“Despite the harsh reality, “American Flag” also conveys America’s grace and beauty. The clean lines create a silhouette, allowing the sky in the background to come through to give a hopeful feeling. Having installed it once in Times Square was a perfect setting, as it is a symbol of the American dream. The location enhances the beauty of the work by incorporating the New York skyline as the backdrop.”
—ICY and SOT
“Fueled by their personal experiences as immigrants, ICY and SOT wanted to create work that will express their frustration about how rushed and insensitive decisions can tremendously affect an infinite number of innocent and often desperate people.”
EU flag / Lisbon, Portugal / 2020
“EU FLAG” permanent Public art intervention in Lisbon, portugal
This work presents a European flag made out of steel fence and barbed wire the materials evoke the physical barriers that migrantsface while trying to enter Europe and while they await with hope in refugee camps with inhuman conditions.
Despite the harsh reality it explores, the piece also tries to convey hope – the hope that the asylum seekers have. The lines create a silhouette allowing the sky in the background to come through in order to give a hopeful feeling. Its location in front of the river that runs into the ocean alludes to the sea voyage that many of them undertook and and are still undertaking in their search for a better life.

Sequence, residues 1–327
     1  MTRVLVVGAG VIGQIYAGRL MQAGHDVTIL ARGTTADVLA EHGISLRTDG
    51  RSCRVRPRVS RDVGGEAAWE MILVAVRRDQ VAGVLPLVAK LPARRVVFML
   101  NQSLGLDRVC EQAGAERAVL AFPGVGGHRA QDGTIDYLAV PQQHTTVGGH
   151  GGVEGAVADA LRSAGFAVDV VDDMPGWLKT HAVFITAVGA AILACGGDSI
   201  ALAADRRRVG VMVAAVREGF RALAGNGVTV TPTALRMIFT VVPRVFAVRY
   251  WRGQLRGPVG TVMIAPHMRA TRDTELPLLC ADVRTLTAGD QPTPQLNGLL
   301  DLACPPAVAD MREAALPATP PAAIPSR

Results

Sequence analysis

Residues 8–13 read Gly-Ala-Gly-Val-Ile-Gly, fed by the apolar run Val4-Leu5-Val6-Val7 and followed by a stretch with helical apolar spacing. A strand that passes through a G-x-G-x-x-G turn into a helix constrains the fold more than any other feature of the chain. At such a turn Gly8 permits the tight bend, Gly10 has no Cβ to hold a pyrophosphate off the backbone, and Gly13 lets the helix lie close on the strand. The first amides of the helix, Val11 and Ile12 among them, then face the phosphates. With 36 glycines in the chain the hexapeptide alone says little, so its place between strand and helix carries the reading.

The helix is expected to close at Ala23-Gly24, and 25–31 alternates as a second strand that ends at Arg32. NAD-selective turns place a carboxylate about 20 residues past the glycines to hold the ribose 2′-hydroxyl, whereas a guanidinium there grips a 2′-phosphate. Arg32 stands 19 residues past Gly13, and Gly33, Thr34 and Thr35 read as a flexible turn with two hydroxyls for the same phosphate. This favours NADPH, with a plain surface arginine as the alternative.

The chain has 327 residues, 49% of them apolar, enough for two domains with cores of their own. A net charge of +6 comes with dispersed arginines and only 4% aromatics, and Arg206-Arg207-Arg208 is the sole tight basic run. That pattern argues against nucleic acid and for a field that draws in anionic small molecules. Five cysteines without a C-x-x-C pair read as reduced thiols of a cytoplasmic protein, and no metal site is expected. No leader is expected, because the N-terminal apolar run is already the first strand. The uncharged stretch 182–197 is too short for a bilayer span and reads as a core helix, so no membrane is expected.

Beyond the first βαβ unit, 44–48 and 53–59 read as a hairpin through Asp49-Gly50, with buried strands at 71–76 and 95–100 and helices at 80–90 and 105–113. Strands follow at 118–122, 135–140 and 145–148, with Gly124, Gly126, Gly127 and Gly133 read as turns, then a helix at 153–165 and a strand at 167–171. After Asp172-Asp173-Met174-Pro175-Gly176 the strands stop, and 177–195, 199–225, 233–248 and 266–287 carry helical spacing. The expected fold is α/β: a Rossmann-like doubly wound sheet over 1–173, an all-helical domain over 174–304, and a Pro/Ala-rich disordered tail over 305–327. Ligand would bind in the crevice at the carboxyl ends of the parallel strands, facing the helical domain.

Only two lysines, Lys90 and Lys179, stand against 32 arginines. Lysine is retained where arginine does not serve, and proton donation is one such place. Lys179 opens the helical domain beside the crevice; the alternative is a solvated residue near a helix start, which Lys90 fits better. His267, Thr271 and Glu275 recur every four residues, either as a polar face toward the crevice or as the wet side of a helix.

The work is on View at Praca Europa ( between cats do sore and Ribeira das Naus) in Lisbon. Portugal
Our house is on fire / slab city, CA / 2020
Iranian artists Icy and Sot recently took off on another self-initiated mission, inspired by climate activist Greta Thunberg’s work and the worldwide environmental movement she has started. Using the vast Californian desert landscape as a dramatic backdrop for their work and activist’s impactful speech as an alarming wake-up call, Saman and Sasan Oskouei created a riveting video titled Our House is on Fire.
“I want you to panic. I want you to act as if your house was on fire.”
– Greta Thunberg
In some way turning Greta’s inspiring words into poetic reality, Icy and Sot built a frame of an archetypal home and set it on fire. Allowing for the untouched surrounding nature to be seen between the blazing framework of the house, the artists suggest looking at the wider picture in which the Earth is our only home. The video shows the reversed footage of their installation being swallowed by flames and crumbling to the ground, creating an illusion of burning pieces of wood rising up and forming the familiar structure. With Greta’s voice in the background calling upon civil disobedience and rebellion, the video has a compelling incentive undertone reminding us that the change is possible if we put pressure on those in power.
(click on the images to see the video of the project)
VIDEOVisit ICY & SOT's Brooklyn studio